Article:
. . .
The language promoting the violence repeats face attacks against the out-group members to continuously vilify them as enemies. The repeated publicizing of polarizing symbols typically accompanies these vilification efforts to reinforce the dangerous nature of the out-group’s position on the specific issue. For the U.S. Capitol insurrectionists, the symbols of QAnon (Q), White Supremacy, and Trump flags were visible during the riot (Garry et al. 2021). Dehumanization often follows these attacks which provides the rationale for violence against the out-groups. For the Capitol group, the growing conspiracy theory of QAnon calls Democrats pedophiles who need to be violently terminated.
Also important in D&H's analysis of polarizing language is counter-arguing. QAnon tries to reduce or eliminate counter-arguments to their narrative by making their statements very simple, hateful, and clear.
Less polarizing or more nuanced, equivocal language opens the door to uncertainty and potential counter-arguing. When trying to solidify in-group identity, it is important to eliminate ambiguity or any threat to solidarity on the issue at stake. Thus, the polarizing language works well to make counter-arguing disloyal or heretical. It promotes the black-and-white thinking that paints the enemy with a target since they are a threat to the in-group’s stance on the big lie about the issue at risk. This elimination of counter-arguing is particularly effective when delivered by a credible source, and the message is forceful and clear. When this intense, emotional, concrete language is repeated over time it gains a momentum that is difficult to refute and ultimately control. It gains a life of its own.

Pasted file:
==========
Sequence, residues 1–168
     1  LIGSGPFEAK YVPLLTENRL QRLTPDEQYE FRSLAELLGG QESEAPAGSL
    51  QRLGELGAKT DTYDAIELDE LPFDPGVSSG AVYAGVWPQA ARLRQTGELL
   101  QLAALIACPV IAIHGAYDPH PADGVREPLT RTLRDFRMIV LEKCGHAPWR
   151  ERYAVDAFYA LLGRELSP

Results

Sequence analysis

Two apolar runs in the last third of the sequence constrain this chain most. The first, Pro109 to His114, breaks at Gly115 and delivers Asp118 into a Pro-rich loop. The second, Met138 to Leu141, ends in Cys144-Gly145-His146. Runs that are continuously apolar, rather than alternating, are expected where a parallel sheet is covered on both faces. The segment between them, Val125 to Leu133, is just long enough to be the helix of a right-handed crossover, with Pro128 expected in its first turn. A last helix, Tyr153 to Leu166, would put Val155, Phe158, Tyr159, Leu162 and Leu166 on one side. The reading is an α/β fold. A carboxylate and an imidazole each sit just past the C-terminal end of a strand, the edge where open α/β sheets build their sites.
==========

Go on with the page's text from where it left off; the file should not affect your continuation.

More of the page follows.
Emotionally-laden language, such as anxiety, fear, and anger. also drives polarization. These emotions are often used in social media with the goal of radicalizing users. They give the example of Jihadists' emotional attacks on Western democracy, calling it evil, and hence calling for its destruction. Social media is used world-wide, of course, to spread conspiracy theories against "the other." Media outlets encourage such narratives in order to increase viewership/readers/listeners, thereby driving hyper-polarization and conflict escalation further, eventually to violence.
The Rwandan and Nazi genocides are paradigmatic cases of how language and other symbolic actions fueled the fire of hate by at first vilifying the targeted outgroups and then dehumanizing them as a run up to violence. A consistent drumbeat of hate language in the context of political instability and social upheaval creates a cocktail of deceit and hate that resonates with the in-group members. It serves to eliminate counter-arguing and promotes black-and-white thinking while stirring emotions.